Jesus kept that festival—you’ll find that recorded in the Gospels using one of its other names, either the Festival of Lights or the Feast of Dedication (depending on your translation). He celebrated it. He didn’t call it out. Yet many Christians today feel they have “permission,” so to speak, to doubt that this miracle ever happened, because it’s not in “scripture.”

I say if it’s good enough for Jesus, it’s good enough for me. 😉

And there are so, so many traditions that sprang up surrounding the Passover, which Jesus not only didn’t correct, but which He fulfilled. That’s why I want to talk about it in this context, as part of my series.

First, let’s look at some beautiful and gob-smacking traditions surrounding the manna.

In the years between the original Exodus and the time of Christ, the Jews had mused a lot about this miraculous bread and what it really was. We have their thoughts preserved for us in writings like the Talmud and the Targum, as well as in Exodus, Joshua, the Psalms, and the Catholic Wisdom of Solomon (not part of the Protestant Bible).

In the Psalms, the manna was referred to as “the bread of the angels,” which led the Jews to believe that this bread existed in Heaven, and some mused that if was truly the supernatural bread that fed the angels, then it must have pre-dated the Fall.

Consider the implications of that for a moment. If you believe that theory, then it means that the strange bread that fell like dew was stored up in heaven, where it had been created in the first days of the universe, before Man had damaged the world with sin. It was food not affected by the fall—which couldn’t be said of anything we grow on earth, that we have to toil for, that is subject to blight and disease. Yes, the manna would rot after 24 hours…but only by the word of God, evidenced by the fact that it didn’t one day of week, when it would remain fresh for the Sabbath.

So if manna pre-existed the fall and (obviously) the Exodus, that meant that it was stored in heaven. And if the angels ate it then, they were still eating it now, which meant it still exists in heaven. By that theory, it is something kept in a heavenly storehouse—in a heavenly Tabernacle that our earthly ones were meant to imitate—which the angels ground like wheat, and which God literally poured out for His people during the forty years of the Exodus “like rain,” but which has not “run out.” It stopped because they didn’t need it anymore, not because God didn’t have enough to keep giving it.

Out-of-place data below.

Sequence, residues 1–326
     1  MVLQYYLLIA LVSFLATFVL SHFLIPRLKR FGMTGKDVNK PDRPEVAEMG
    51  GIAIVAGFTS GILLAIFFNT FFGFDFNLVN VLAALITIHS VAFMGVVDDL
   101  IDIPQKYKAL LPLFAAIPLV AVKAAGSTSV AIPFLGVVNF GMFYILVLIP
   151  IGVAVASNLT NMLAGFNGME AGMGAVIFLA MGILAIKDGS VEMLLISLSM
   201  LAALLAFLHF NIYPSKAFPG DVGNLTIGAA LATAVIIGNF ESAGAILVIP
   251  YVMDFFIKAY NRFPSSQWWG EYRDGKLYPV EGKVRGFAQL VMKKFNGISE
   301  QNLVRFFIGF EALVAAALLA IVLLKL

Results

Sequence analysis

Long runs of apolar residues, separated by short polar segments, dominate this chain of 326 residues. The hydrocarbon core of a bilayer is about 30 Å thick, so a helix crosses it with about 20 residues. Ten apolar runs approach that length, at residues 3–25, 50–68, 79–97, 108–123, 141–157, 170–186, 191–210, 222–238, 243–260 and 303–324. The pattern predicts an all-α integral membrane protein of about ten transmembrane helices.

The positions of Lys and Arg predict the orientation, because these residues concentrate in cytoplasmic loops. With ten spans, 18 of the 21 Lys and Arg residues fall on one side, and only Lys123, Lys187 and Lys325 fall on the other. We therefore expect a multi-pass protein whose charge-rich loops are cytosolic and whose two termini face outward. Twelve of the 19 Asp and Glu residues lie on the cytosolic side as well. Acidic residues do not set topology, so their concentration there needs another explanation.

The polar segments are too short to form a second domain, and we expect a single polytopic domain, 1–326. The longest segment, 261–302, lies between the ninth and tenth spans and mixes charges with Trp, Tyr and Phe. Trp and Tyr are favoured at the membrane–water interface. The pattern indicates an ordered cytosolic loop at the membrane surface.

Which led to another of these traditions, these expectations. Those looking for the new Moses, the new Messiah, who would lead them to a permanent Promised Land (heaven), expected that this new Moses would behave in some key ways like the original Moses. First and foremost: he would reintroduce manna.

Jesus was well acquainted with these expectations—all first century Jews knew of it, though whether they believed it or not was a big part of what determined which sect they belonged to. The Sadducees, who did not believe in a bodily resurrection or a physical heaven, had no reason to believe in an angelic bread on which those bodies could feast, nor to expect it to make a reappearance, because they didn’t expect any other messiah to ever come. The Pharisees, on the other hand, did.

And again, Jesus did not correct this expectation, this tradition—He fulfilled it. He in fact instructed His followers to pray for that “daily bread,” that miraculous manna, to be given to them every day. And then He instituted a tradition of His own that gave us what? Bread. Which is offered every day.

Jesus, my friends, gave us a new manna…just like these extra, man made, added-on traditions had said the Messiah would do.

I’ve already mentioned in a previous post that the Bread of Life sermon in John 6 is bookended with references to the manna (if you haven’t read that recently, take some time to do so!). Have you ever wondered why? This is why. Because these people to whom he was speaking in the synagogue at Capernaum, were looking for a new manna. And He was basically saying, “You want new manna? Well, I am that new manna. I am the bread of life. To partake of that heavenly life, you have to eat my flesh and drink my blood.” Their response? They left him. It was too hard. It was taboo. It was gross. And Jesus didn’t pull back. He pushed harder. He told them it was the only way to partake of eternal life. He mentioned that He—in the flesh, in the very flesh He would offer to them, in the very flesh that would become that new manna, that bread, that Passover lamb—would ascend back to heaven, where that manna was stored.

It’s a hard teaching. It was hard for the first-century Jews, and it’s proven a stumbling block for plenty of Christians throughout the ages too, who’d rather soften it, pull back, and call it nothing but a symbol.

But the manna wasn’t a symbol. That first manna, it didn’t represent bread. It was bread. It had nutritional value. It kept them alive for forty years. And when God said “put some in the Ark, in the Tabernacle, to be preserved forever as a testament,” it didn’t rot. It stayed fresh and able to be viewed for thousands of years.